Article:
• Removable trigger guard held in with 2 screws.
    • Single shot, not magazine fed and when fired ejects casing right and bolt stays open - been told...
    • Left-side rocker-type action closer
    • Safety on left side as well


    Apparently these were manufactured from 1907-1939 and existed in two types this one is the standard. The n° 1 (standard) measuring 980 mm, barrel 485 mm for a weight of 1600 gr. There was a longer luxury model also. Also came with a “pick or stick” to help clear obstructed barrels when the casing didn’t properly eject that screwed into underside of base of stock in brass fitting.

    http://www.littlegun.be/arme%20belge/artisans%20identifies%20p/a%20pieper%20s%20a%20anciens%20ets%20carabine%20gb .htm

    http://books.google.com.au/books?id=Eq2Dnj4sDZIC&pg=PA369&lpg=PA369&dq=bayard +half+auto+.22&source=web&ots=sapynaQCxQ&sig=xpNXY WPkvyTOJzD5zidfjLnJE90&hl=en&sa=X&oi=book_result&r esnum=9&ct=result

    http://forums.gunboards.com/showthread.php?t=14565

  22. #22
    Join Date
    Feb 2008
    Location
    BC Canada
    Posts
    42

    Default

    benhl, here are some pics that may help out-

    First, from an old catalogue:


    top of the bolt:


    bolt face:


    bolt face:


    underside of the bolt, and bolt face:


    underside and striker:


    and again:


    Take a close look at the striker, where the square section joins the cylindrical bit. That's where mine is fractured, so check yours out just in case.
    I still haven't done anything about mine, but it's fairly low priority, really. One day...

  23. #23
    Join Date
    Feb 2009
    Location
    Brisbane, Australia
    Posts
    3

    Default

    Thanks Mate - your bolt face looks far more "intact" than mine. Mine compared to that has severe pitting/blow back damage which may indicate a loose fitment when the bolt mechanisism is closed is suspect...

  24. #24
    Join Date
    Jan 2010
    Posts
    1

    Default

    I have these guns my father bought 2 in eqypt and 2 possibly in Vegas, one states "Pieper & C (ie) Brevete 5751. And the others, I'm not sure where they are from, I replied on this post because the gun posted above looks very similar. Thanks for everyone's help on this one!
    Attachment 267496Attachment 267495Attachment 267497Attachment 267514Attachment 267513Attachment 267512Attachment 267511Attachment 267510Attachment 267509Attachment 267508Attachment 267507Attachment 267506Attachment 267505Attachment 267504Attachment 267503Attachment 267502Attachment 267501Attachment 267500Attachment 267499Attachment 267498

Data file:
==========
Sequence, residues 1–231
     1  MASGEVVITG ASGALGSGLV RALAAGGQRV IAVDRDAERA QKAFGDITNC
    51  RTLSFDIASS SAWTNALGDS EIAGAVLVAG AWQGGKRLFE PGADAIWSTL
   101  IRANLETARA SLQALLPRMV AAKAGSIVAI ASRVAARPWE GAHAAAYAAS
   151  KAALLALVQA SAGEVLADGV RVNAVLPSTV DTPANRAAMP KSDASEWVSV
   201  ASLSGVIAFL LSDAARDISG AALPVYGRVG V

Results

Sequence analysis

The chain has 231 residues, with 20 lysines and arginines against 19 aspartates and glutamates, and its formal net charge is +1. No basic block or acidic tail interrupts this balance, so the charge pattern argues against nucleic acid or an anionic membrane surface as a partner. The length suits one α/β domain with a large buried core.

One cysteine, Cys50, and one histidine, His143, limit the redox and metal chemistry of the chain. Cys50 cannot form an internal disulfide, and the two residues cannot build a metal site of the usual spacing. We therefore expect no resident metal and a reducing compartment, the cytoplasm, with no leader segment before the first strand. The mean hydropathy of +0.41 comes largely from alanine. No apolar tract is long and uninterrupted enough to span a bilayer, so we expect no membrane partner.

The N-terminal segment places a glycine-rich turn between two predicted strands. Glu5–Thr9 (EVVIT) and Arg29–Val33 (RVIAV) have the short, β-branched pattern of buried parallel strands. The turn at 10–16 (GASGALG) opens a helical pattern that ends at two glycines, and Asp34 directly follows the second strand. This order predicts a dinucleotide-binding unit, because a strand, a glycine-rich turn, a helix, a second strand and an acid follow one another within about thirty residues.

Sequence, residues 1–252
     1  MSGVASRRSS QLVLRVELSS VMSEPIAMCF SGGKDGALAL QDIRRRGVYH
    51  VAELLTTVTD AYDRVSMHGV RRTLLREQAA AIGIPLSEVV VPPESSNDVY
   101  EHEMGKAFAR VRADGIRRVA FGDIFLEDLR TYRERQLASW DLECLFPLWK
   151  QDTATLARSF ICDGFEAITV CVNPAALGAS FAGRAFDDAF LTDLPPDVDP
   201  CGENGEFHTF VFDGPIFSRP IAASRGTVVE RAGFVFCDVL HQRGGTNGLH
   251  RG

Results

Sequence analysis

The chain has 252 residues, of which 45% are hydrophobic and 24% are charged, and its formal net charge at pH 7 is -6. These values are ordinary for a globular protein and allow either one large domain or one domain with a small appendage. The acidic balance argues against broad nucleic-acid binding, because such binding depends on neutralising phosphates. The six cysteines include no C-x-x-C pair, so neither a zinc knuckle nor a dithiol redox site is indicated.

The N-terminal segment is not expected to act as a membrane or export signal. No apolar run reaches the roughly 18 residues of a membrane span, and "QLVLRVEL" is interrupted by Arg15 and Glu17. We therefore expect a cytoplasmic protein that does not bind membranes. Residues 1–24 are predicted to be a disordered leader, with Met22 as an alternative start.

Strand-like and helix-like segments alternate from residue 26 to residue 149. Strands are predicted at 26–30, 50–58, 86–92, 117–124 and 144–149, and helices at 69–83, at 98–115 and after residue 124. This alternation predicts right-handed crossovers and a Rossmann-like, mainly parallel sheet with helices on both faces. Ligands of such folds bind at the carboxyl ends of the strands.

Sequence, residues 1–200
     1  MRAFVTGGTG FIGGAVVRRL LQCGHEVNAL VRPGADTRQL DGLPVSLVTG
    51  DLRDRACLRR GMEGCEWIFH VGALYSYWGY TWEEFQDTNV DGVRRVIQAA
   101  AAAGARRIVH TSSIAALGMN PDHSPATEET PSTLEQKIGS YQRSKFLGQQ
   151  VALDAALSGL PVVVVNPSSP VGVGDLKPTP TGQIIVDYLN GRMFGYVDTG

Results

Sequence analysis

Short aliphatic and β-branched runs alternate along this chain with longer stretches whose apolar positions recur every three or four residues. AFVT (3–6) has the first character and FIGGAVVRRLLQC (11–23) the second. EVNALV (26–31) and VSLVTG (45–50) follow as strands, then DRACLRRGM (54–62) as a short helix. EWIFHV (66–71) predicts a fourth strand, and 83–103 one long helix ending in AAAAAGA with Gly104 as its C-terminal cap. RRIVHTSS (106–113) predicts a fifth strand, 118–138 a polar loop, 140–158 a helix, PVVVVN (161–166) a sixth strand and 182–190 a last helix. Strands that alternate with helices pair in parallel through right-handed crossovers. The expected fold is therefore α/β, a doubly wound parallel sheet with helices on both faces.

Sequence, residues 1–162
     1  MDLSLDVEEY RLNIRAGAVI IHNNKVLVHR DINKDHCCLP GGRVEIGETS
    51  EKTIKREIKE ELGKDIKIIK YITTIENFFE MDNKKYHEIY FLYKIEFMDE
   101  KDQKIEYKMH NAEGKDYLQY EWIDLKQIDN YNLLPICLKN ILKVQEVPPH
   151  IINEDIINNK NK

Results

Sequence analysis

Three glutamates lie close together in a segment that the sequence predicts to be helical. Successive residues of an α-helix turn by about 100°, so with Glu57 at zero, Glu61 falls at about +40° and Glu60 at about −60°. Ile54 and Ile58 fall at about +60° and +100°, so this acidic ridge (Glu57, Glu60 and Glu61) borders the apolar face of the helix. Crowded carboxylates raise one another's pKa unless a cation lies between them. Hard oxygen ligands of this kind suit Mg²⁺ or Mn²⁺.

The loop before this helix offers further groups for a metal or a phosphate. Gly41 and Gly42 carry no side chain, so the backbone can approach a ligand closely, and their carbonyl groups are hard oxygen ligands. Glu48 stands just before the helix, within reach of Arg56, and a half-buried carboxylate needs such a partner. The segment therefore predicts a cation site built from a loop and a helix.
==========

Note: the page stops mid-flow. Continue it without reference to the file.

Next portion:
I have this gun my father bought 2 in eqypt and 2 possibly in Vegas, one states "Pieper & C (ie) Brevete 5751. And the others, I'm not sure where they are from, I replied on this post because the gun posted above looks very similar. Thanks for everyone's help on this one!

  25. #25
    Join Date
    Jan 2011
    Posts
    1

    Default Bayard 22

    I have been given the same gun from my father. I am in the process of restoring this gun and cannot find any diagrams or pictures of parts. I am missing a spring and striker, but I do not know what else is missing and none of the local gun smiths can even find this gun in their literature.

  26. #26
    Join Date
    May 2010
    Location
    melbourne, australia
    Posts
    73

    Default

    I had one of these interesting rifles , until I fired a HV .22 LR . round through it, causing the cocking knob to blow off flying past my face , phu!! Needless to say I soon lost interest in this little shooter. One thing that bugged me was you couldn,t tell when it was cocked, because when the action was closed , there was no cocking indicator. Yer , I know it is marked for short or long cartridges, my own fault. Sold it at auction, and was surprised how much it went for. Cheers.

Posting Permissions

  • You may not post new threads
  • You may not post replies
  • You may not post attachments
  • You may not edit your posts
  •